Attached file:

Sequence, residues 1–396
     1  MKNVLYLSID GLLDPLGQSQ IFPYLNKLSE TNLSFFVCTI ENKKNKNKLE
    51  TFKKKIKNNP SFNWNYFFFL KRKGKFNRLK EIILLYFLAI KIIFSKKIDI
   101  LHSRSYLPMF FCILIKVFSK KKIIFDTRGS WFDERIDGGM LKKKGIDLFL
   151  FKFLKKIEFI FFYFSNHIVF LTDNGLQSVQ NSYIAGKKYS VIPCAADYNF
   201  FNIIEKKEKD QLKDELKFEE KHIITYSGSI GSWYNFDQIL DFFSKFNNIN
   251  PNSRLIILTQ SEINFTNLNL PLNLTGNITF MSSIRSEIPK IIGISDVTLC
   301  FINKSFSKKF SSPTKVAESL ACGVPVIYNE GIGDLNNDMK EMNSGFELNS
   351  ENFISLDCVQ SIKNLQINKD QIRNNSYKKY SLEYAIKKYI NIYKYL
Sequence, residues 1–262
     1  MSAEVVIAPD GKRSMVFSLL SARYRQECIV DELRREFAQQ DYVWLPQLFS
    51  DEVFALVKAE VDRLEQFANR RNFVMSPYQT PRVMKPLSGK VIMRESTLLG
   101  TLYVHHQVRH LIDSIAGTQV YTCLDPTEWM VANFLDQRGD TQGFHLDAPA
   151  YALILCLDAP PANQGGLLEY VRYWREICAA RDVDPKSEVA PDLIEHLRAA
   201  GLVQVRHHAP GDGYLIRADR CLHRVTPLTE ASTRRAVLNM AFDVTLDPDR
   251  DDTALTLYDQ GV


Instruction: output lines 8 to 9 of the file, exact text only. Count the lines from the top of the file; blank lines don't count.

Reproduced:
   301  FINKSFSKKF SSPTKVAESL ACGVPVIYNE GIGDLNNDMK EMNSGFELNS
   351  ENFISLDCVQ SIKNLQINKD QIRNNSYKKY SLEYAIKKYI NIYKYL